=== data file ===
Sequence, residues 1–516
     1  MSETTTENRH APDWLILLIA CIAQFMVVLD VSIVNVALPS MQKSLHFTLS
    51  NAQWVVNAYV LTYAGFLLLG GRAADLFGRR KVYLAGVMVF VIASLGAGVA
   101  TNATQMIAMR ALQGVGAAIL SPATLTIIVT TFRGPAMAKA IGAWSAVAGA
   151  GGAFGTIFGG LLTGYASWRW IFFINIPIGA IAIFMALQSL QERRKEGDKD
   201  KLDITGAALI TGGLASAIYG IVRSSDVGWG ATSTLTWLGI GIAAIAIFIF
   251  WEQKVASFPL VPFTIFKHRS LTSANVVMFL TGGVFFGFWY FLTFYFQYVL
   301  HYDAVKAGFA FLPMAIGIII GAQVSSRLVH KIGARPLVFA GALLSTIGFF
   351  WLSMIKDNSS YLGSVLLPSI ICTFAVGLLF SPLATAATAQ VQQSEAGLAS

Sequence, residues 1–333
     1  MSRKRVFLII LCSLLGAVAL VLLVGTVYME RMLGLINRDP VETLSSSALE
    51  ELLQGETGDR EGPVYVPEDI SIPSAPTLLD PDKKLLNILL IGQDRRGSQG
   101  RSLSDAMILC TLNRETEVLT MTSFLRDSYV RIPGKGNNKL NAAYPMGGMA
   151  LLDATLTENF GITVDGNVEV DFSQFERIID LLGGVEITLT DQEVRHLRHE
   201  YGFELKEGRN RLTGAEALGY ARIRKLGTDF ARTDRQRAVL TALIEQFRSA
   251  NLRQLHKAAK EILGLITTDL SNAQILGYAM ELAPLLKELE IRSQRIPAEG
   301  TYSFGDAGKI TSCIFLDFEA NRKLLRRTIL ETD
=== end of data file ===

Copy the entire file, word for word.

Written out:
Sequence, residues 1–516
     1  MSETTTENRH APDWLILLIA CIAQFMVVLD VSIVNVALPS MQKSLHFTLS
    51  NAQWVVNAYV LTYAGFLLLG GRAADLFGRR KVYLAGVMVF VIASLGAGVA
   101  TNATQMIAMR ALQGVGAAIL SPATLTIIVT TFRGPAMAKA IGAWSAVAGA
   151  GGAFGTIFGG LLTGYASWRW IFFINIPIGA IAIFMALQSL QERRKEGDKD
   201  KLDITGAALI TGGLASAIYG IVRSSDVGWG ATSTLTWLGI GIAAIAIFIF
   251  WEQKVASFPL VPFTIFKHRS LTSANVVMFL TGGVFFGFWY FLTFYFQYVL
   301  HYDAVKAGFA FLPMAIGIII GAQVSSRLVH KIGARPLVFA GALLSTIGFF
   351  WLSMIKDNSS YLGSVLLPSI ICTFAVGLLF SPLATAATAQ VQQSEAGLAS

Sequence, residues 1–333
     1  MSRKRVFLII LCSLLGAVAL VLLVGTVYME RMLGLINRDP VETLSSSALE
    51  ELLQGETGDR EGPVYVPEDI SIPSAPTLLD PDKKLLNILL IGQDRRGSQG
   101  RSLSDAMILC TLNRETEVLT MTSFLRDSYV RIPGKGNNKL NAAYPMGGMA
   151  LLDATLTENF GITVDGNVEV DFSQFERIID LLGGVEITLT DQEVRHLRHE
   201  YGFELKEGRN RLTGAEALGY ARIRKLGTDF ARTDRQRAVL TALIEQFRSA
   251  NLRQLHKAAK EILGLITTDL SNAQILGYAM ELAPLLKELE IRSQRIPAEG
   301  TYSFGDAGKI TSCIFLDFEA NRKLLRRTIL ETD